by Josephine Xu

One of the most important issues for our generation is probably the convergence of the real world and the digital world. A few years back, IMB initiated the campaign “Smarter Planet” and many other companies followed with similar projects, like Cisco’s “Smart+Connected Communities” and HP’s “Central nervous system for the Earth”. These projects aim to provide a solution to ageing infrastructures, exploding health-costs and environmental problems. Research indicates that if smart systems can increase efficiency in the States alone by 5%, the greenhouse emission cut will be the same as throwing 53 million cars off the street. This number itself is impressive enough, not to mention the potential convenience for every individual.

It is almost impossible to deny the need for digital media and smart systems. When we check email, Facebook and Twitter on our phone, none of us actually realise how smartphones and smart systems have changed the way we communicate. Take AIESEC for example, we send out hundreds of emails to potential members during recruitments, invite all people we may or may not know on Facebook to our events, coordinate events over email, Skype and MSN, etc. I dare say that these are probably unthinkable in the last century. This new system allows us to work more efficiently, and probably make our organisation smarter. The question we need to ask now is, how far are we willing to go down this path? I can picture, without much difficulty, that a few years later we would never have to book rooms for info sessions because we can do them live online. If I am more daring, I can even imagine one day every LC in the world can join us in conferences from the comfort of their own country and we never have to pay expensive airfare again to meet new people and share experiences. Or in my wildest dream that one day each of us will have a sensor implanted in our body and we do not even need to have access to a computer and the entire world will be networked together.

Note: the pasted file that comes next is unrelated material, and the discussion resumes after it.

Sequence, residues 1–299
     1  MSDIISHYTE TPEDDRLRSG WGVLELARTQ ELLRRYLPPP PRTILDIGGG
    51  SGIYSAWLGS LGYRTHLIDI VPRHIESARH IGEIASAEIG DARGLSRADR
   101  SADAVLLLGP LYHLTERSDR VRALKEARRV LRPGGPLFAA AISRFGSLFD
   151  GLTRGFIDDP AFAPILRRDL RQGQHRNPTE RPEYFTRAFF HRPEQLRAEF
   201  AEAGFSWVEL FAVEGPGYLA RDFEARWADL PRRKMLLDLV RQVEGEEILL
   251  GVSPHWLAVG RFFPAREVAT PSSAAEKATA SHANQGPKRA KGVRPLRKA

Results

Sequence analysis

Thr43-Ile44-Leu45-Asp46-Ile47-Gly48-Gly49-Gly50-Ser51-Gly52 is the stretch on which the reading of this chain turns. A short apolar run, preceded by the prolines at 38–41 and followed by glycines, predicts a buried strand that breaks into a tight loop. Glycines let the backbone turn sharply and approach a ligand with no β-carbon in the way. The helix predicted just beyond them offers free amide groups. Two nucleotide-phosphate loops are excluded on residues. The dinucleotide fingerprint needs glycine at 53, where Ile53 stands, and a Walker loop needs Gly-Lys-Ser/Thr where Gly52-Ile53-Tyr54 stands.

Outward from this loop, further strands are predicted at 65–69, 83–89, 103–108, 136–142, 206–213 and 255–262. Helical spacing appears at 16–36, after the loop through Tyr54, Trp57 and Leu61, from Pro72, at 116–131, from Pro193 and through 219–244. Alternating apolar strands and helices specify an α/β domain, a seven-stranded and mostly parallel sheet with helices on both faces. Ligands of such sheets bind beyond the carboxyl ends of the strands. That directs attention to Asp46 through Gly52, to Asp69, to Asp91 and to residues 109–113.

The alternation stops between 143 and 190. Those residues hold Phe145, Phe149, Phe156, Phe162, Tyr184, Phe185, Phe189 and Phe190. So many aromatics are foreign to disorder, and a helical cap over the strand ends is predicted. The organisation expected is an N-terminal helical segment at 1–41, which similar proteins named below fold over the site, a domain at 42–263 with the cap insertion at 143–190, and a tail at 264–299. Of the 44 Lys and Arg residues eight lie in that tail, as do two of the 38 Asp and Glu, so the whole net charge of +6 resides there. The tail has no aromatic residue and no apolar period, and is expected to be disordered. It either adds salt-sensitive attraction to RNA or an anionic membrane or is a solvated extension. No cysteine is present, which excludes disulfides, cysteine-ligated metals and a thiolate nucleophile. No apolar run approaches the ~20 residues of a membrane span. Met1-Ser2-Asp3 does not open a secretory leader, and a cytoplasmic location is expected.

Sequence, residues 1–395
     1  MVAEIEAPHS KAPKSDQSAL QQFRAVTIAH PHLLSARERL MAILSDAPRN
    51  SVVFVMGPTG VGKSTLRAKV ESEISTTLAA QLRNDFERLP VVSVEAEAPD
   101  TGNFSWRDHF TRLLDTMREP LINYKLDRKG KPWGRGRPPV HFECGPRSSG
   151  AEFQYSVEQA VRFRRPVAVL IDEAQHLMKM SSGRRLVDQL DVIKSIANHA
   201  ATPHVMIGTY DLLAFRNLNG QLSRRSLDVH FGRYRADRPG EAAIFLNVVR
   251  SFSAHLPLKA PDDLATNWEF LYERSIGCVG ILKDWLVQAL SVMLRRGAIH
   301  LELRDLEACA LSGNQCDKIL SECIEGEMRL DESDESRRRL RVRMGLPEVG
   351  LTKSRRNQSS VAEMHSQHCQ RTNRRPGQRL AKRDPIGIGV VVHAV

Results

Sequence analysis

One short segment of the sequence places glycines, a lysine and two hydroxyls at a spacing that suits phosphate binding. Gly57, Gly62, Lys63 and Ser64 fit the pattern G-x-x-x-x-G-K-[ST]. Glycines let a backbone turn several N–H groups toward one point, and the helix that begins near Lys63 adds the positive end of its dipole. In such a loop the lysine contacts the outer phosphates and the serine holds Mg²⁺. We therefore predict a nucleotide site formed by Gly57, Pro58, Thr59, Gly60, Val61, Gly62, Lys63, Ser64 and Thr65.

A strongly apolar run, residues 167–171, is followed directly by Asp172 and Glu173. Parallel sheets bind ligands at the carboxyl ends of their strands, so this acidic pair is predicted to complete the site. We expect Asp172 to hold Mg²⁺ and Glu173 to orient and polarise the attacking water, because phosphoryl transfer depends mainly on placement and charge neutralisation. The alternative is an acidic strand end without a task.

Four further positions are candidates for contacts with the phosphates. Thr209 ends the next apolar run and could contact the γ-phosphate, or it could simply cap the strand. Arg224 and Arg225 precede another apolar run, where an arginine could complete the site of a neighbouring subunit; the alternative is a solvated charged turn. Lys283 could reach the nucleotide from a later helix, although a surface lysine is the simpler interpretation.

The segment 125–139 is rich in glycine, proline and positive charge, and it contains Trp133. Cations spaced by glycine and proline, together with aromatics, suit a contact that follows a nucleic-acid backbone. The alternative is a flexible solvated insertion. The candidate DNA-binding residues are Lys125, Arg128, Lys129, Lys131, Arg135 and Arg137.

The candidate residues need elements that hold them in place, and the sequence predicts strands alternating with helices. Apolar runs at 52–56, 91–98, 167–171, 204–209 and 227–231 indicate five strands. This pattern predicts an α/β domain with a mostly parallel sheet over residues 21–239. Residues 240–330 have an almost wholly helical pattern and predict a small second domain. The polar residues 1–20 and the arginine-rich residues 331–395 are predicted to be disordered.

If these systems are really smarter ways to live a life and do our job, what is stopping us from pushing for the implementation of them? One thing I can think of is that we will find it harder than Winston Smith ever could imagined to find somewhere to hind from others’ eyes. Moreover, there are thousands of highly skilled hackers out there waiting for new challenges. Most importantly, as Mr Gelernter suggested in “Mirror Worlds”, those of us have access to smart system would have a huge advantage to those who do not have access. This inequality in information will be a bigger problem than income inequality. These problems have already provoked some neo-Luddite reactions, even at the infant stage of smart system development. The unabomer, for example, targeted computer scientists through mail bombs. Until these problems can be addressed, the convergence between the real world and the digital world shall be put on hold. Myself as a COMMrad in AIESEC, do not mind sticking to posters and brochures, for I rather be smart than seem smarter.

Mirror Worlds by David Glenerter, Oxford University Press 1992

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